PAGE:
Research Question — Bart Leguijt

Name: Bart Leguijt
Specialisation: Concept Design
Lecturer: Rogier Manten
Period: D
Format: TBC

“Here’s an old riddle. If you haven’t heard it, give yourself time to answer before reading past this paragraph: a father and son are in a horrible car crash that kills the dad. The son is rushed to the hospital; just as he’s about to go under the knife, the surgeon says, “I can’t operate—that boy is my son!” Explain.

If you guessed that the surgeon is the boy’s gay, second father, you get a point for enlightenment, at least outside the Bible Belt. But did you also guess the surgeon could be the boy’s mother? If not, you’re part of a surprising majority.”

BU Research: A Riddle Reveals Depth of Gender Bias | BU Today | Boston University. (2018). BU Today. Retrieved 7 May 2018, from http://www.bu.edu/today/2014/bu-research-riddle-reveals-the-depth-of-gender-bias/

Main Question

What is the effect of stereotyping in mass media on children?

Sub-questions

• What is stereotyping?
• What effects does stereotyping have (on children)?
• When is something stereotyping?
• Why is stereotyping used?
• How is stereotyping used?
• How do you create credible research with children? (Attention span, development)
• The child brain, when do they start to differ between gender
• How is stereotyping used in childrens’ TV (Examples of awareness of stereotyping in childrens’ TV)

Motivation

As a child, I grew up watching only public television because my parents detested commercial television based on their religious views. At the time, this frustated me and I always peeked through the windows of the neighbours who did have acces to commercial programming. However, as I am growing older and more aware of stereotyping and gender equality, I am seeing the differences between commercial and public broadcasting, and I am thankful to my parents that they protected me from commercial television. During this project, I want to research the impact that stereotyping on mass media has on the minds of children these days.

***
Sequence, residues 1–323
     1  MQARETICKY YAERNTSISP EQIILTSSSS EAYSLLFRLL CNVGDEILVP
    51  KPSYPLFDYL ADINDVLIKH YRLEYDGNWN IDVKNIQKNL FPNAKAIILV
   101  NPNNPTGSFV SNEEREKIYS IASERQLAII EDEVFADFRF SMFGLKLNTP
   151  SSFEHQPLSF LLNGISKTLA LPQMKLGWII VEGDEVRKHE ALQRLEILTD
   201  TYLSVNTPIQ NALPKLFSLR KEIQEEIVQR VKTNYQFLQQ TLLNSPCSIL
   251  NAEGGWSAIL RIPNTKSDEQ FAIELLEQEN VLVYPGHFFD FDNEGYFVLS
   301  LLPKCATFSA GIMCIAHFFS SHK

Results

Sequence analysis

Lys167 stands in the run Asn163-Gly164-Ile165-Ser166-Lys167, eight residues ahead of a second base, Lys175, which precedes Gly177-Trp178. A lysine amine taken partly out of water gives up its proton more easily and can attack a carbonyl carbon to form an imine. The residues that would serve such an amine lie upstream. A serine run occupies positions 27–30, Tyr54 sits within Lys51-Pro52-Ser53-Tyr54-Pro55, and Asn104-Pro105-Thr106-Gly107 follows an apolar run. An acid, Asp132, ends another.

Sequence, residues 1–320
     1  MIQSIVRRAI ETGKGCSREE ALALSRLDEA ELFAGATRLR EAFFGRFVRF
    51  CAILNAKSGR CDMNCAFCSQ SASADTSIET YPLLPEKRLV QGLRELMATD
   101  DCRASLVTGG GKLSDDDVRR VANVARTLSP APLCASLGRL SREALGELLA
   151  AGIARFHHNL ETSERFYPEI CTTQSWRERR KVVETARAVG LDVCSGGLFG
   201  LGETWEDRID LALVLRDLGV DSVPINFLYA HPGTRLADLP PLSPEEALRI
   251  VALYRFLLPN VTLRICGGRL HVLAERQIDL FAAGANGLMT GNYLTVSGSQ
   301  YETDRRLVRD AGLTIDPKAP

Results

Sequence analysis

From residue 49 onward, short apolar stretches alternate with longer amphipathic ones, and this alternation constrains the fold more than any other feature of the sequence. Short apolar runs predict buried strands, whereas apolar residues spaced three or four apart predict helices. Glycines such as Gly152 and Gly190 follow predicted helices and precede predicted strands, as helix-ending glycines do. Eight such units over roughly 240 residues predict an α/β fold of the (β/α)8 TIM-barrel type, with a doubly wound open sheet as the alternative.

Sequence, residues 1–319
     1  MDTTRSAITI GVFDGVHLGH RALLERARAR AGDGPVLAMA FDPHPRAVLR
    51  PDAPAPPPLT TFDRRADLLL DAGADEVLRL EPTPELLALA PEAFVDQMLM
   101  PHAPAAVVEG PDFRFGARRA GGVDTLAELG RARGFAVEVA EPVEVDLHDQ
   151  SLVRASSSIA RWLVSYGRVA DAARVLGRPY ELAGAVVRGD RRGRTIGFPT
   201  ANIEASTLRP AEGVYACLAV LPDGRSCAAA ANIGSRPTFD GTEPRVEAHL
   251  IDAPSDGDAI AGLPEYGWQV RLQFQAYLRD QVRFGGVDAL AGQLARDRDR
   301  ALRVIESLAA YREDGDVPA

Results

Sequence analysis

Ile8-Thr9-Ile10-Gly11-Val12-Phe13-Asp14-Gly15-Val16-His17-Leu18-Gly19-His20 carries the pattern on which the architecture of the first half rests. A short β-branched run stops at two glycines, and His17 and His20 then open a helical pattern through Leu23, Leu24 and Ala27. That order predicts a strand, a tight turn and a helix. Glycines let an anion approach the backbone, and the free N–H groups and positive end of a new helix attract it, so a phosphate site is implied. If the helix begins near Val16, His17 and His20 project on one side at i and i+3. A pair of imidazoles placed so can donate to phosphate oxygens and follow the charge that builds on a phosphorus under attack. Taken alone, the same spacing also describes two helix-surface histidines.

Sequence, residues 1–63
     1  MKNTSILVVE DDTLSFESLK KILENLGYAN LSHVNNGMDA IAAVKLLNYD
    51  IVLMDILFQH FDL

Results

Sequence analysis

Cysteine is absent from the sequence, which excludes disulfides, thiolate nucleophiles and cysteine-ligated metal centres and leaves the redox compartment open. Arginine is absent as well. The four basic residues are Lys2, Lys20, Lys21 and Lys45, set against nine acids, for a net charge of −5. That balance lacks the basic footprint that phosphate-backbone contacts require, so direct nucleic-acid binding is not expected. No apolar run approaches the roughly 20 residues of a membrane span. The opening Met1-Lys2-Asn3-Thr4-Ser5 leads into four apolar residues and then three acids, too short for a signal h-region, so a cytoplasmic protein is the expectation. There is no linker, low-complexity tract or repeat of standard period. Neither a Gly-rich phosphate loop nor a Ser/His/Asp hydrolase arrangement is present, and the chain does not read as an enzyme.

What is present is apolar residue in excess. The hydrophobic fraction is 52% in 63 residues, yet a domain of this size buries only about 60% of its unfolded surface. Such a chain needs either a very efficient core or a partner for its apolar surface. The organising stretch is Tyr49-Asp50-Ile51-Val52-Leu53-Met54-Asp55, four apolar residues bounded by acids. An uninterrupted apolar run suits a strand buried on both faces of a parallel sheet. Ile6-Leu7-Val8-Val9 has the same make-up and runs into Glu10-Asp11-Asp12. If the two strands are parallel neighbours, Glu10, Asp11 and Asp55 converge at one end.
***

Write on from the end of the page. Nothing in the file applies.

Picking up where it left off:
Sources

Gorham, B. (1999). Stereotypes in the media: So what? Howard Journal of Communications, 10(4), 229-247. doi:10.1080/106461799246735

D., V. (2009). STEREOTYPE AWARENESS. Education Week, 29(12), 5.

J. (2016). Mass media: Playground of stereotyping. International Communication Gazette, 78(1-2), 121-136. doi:10.1177/1748048515618116

S., S., & A. (2015). News media coverage of women. Asia Pacific Media Educator, 25(2), 182-193. doi:10.1177/1326365X15604260

S. (2007). Constructing media images of nursing. Nursing New Zealand (wellington, N.z. : 1995), 13(1), 16-8.

Greig, A., MacKay, T., & Taylor, J. (2010). Doing research with children (2nd ed. ed.). Los Angeles etc: Sage.

Another interesting/inspiring thing:
Bechdel movie test:
1. It has to have at least two [named] women in it
2. Who talk to each other
3. About something besides a man

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